• Next, checkPerson(p) is called. Remember that p is really a pointer in the background. So its value is copied and given to the new p inside checkPerson. Notice how we are just evaluating p, whatever is returned will just be ignored.
  • Now checkPerson notices that p is null, creates a new person, joe, on the heap, and sets p to joe's address. Remember that p as a pointer is really passed by value, so this is just a copy. The original p is still null. It then returns p. This doesn't come up often in java because usually your changing values or executing methods associated with p. When this happens you would follow p to the same object in heap that the calling function sees. However, in this case we are changing p, the pointer, itself.
  • at this point if we had said p = check person(p) we would be in a very different universe.
  • now the same thing happens, but in reverse, we create a person mary and then run check person on it. Inside check person, p is set to null, but that doesn't matter as p is passed by value.

Working with languages like c and c++, while certainly a pain at times, can really provide insight into how languages like java manage data in the background. If you have the time and are looking for an exercise, I suggest studying c data structures. Get to a point where you can implement a linked list without a reference source, without memorizing it either, and without memory leaks. Then do the same for c++ and you'll see how oop allows you to do data structures in a safer, more organised way. After that you can do the same in java, and you'll see how garbage collection prevents most memory leaks, and how it allows you to abstract away the idea of pointers without truly removing them. As a side project you can look at doing it again in c++ but using RAII (resource allocation is initialization) principals. Although that doesn't really relate to what's here, it's just a cool idea.

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docvominh profile image
Pham Duc Minh

Hi @matthewsalerno
Thank you for your explanation, that's very clear to me

I had learn C in university too, but they didn't tell much more about pointer and datastruct, just teach you how to work with method, loop than do the final exam with something like print the fibonacci...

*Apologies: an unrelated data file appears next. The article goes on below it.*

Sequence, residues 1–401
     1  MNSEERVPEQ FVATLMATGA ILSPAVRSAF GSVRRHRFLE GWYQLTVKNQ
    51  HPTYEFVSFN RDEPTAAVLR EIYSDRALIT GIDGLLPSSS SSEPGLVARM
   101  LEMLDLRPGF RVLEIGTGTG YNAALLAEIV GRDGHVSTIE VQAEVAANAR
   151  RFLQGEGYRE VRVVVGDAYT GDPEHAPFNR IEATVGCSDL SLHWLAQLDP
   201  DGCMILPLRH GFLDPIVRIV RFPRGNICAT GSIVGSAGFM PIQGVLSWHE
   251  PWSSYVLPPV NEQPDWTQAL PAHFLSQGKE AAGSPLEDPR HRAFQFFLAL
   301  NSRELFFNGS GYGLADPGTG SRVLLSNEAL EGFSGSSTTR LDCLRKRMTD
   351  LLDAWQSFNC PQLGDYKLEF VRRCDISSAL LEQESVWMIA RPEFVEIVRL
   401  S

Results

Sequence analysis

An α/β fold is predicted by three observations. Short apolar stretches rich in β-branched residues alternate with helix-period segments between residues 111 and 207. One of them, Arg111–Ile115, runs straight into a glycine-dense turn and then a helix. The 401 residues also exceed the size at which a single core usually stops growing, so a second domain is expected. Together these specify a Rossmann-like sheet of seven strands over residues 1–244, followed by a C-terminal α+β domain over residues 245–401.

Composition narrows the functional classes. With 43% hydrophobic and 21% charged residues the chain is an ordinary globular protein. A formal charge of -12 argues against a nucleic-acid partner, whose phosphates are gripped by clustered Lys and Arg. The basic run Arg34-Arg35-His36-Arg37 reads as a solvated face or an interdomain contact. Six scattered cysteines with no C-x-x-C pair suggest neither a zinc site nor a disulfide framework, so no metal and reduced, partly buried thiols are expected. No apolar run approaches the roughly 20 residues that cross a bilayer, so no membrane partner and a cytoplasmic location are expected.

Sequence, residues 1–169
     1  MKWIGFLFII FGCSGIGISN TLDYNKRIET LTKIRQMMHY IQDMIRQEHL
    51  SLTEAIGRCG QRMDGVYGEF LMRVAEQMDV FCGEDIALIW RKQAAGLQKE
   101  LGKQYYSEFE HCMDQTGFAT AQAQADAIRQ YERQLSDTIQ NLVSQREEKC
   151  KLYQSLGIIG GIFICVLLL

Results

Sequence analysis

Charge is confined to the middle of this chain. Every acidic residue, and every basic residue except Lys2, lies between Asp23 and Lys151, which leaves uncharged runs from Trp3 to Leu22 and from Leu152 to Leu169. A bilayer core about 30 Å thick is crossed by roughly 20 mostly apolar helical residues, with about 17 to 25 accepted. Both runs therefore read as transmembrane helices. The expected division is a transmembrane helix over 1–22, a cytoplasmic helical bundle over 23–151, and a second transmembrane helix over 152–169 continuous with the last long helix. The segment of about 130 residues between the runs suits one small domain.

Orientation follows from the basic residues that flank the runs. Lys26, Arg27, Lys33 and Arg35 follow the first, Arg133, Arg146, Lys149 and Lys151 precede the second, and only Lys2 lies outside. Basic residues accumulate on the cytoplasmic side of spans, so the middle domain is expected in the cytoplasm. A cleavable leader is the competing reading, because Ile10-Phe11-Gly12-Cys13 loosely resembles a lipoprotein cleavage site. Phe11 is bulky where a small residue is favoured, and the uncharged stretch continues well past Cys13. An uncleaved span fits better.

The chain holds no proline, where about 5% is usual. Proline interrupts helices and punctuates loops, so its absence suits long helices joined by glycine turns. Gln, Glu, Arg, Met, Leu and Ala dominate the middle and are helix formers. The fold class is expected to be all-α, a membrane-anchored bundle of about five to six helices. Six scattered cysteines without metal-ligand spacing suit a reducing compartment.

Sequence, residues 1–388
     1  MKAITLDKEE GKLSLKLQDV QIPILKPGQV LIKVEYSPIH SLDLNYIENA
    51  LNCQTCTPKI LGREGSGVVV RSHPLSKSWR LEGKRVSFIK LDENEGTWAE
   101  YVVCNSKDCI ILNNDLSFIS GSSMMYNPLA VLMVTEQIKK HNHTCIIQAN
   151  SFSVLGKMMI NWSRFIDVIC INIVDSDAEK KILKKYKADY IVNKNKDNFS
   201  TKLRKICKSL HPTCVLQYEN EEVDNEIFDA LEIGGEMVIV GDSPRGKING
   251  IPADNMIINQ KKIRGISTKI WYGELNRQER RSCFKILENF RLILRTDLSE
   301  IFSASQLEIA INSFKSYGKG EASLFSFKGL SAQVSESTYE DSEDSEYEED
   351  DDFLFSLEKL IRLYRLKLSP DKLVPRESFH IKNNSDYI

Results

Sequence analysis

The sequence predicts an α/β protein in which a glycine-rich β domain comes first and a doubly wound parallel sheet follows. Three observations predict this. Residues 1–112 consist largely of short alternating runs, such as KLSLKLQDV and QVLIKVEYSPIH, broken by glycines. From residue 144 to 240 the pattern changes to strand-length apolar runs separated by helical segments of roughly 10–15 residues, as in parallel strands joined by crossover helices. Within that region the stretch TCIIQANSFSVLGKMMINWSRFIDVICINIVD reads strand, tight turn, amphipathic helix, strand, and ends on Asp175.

My country market will push you to learn language like Java and C# then find a outsource job that implement big system from Japanese, US and EU.

C just for the newbie to start learn programming (seem replace by python now a day)

Btw i have some Arduino for my personal project, and working with C++ in electricity domain kinda fun.

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matthewsalerno profile image
matthew-salerno

Thanks again for posting! I've been meaning to learn more about Java, I don't know much about it aside from things that translate easily from the c, c++, and python worlds. So this gave me a good opportunity to dig into it a bit more. I still need to learn more about how a normal java workflow operates.
And the Arduino is a lot of fun to work with. Definitely the most rewarding, and the most frustrating experiences I've had are with microcontrollers.

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mephi profile image
mephi

I was told to know nothing about Java when I used the word "pointer" to explain something like that.

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matthewsalerno profile image
matthew-salerno

Haha, tbf I don't really know anything about Java. I'm just translating it to a problem that's fairly common in C. Not sure what you would call it though. Perhaps "reference" is more appropriate?

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mephi profile image
mephi

I don't think there is a problem with the word pointer. Sorry, if that wasn't clear. I like your explanation, I'm just salty.
As far as I can see, reference is more common to use in Java, but from my view pointer isn't just a feature in a specific programming language, but a concept. So maybe if someone calls you stupid for using the word pointer, he isn't worth the explanation.